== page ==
Prophecy is a mug’s game. But then, lately, most of us are mugs. 2018 was a banner year for the art of prediction, which is not to say the science, because there really is no science of prediction. Predictive algorithms start out as historians: they study historical data to detect patterns. Then they become prophets: they devise mathematical formulas that explain the pattern, test the formulas against historical data withheld for the purpose, and use the formulas to make predictions about the future. That’s why Amazon, Google, Facebook, and everyone else are collecting your data to feed to their algorithms: they want to turn your past into your future.
              ...
              ...“Toward the Year 2018” was edited by Emmanuel G. Mesthene, ...
              ...
              Two things are true about “Toward the Year 2018.” First, most of the machines that people expected would be invented have, in fact, been invented. Second, most of those machines have had consequences wildly different from those anticipated in 1968. It’s bad manners to look at past predictions to see if they’ve come true. Still, if history is any guide, today’s futurists have very little credibility. An algorithm would say the same.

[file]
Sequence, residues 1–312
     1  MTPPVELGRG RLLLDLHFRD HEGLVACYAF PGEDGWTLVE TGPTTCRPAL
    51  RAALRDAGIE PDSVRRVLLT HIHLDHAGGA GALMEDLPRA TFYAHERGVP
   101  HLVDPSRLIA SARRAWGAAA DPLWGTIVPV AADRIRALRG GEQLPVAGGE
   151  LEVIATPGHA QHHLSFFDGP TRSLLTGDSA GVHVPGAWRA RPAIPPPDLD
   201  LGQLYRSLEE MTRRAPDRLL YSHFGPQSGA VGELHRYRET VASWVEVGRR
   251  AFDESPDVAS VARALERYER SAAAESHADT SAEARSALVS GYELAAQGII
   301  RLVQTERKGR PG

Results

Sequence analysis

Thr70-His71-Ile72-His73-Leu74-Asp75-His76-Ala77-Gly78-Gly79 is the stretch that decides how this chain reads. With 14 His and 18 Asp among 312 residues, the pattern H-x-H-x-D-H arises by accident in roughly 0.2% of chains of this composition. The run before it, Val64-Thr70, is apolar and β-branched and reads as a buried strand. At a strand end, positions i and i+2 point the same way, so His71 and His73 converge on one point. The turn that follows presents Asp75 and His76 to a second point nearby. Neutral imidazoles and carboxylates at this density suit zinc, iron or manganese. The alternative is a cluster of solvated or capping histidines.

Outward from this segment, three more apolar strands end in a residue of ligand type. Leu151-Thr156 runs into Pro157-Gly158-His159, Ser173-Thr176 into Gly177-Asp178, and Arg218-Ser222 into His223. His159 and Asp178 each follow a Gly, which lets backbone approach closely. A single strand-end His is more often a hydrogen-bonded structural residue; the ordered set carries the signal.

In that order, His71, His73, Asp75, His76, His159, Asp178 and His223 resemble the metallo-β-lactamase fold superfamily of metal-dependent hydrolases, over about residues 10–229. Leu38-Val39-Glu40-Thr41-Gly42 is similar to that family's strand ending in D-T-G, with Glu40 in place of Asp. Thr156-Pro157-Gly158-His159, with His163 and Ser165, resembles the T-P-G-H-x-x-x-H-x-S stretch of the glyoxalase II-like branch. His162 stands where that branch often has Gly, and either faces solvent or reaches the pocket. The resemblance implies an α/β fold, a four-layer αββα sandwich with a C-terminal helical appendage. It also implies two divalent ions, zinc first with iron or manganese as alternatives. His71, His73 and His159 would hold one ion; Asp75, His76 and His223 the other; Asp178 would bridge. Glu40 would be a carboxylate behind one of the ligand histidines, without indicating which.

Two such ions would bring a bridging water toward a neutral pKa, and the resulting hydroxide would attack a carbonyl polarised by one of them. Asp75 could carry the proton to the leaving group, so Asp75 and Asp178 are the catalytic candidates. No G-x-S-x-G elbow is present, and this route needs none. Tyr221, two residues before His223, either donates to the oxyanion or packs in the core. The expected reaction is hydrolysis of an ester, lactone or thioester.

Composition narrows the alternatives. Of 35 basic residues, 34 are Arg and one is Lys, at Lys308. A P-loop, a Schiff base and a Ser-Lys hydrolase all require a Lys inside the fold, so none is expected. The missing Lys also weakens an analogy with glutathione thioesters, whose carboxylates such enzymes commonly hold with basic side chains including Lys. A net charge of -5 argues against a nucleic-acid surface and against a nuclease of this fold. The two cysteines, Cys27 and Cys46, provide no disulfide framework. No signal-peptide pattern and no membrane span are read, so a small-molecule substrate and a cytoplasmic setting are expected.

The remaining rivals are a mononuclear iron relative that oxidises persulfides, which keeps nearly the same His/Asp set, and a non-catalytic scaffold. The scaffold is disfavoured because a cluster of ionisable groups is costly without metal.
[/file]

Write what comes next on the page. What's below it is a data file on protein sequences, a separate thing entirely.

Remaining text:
Carlos R. DeCarlo, the director of automation research at I.B.M., covered computers in the book, predicting that, in 2018, “machines will do more of man’s work, but will force man to think more logically.” DeCarlo was consistently half right. He correctly anticipated miniature computers (“very small, portable storage units”), but wrongly predicted the coming of a universal language (“very likely a modified and expanded form of English”). One thing he got terribly wrong: he expressed tragically unfounded confidence that “the political and social institutions of the United States will remain flexible enough to ingest the fruits of science and technology without basic damage to its value systems.”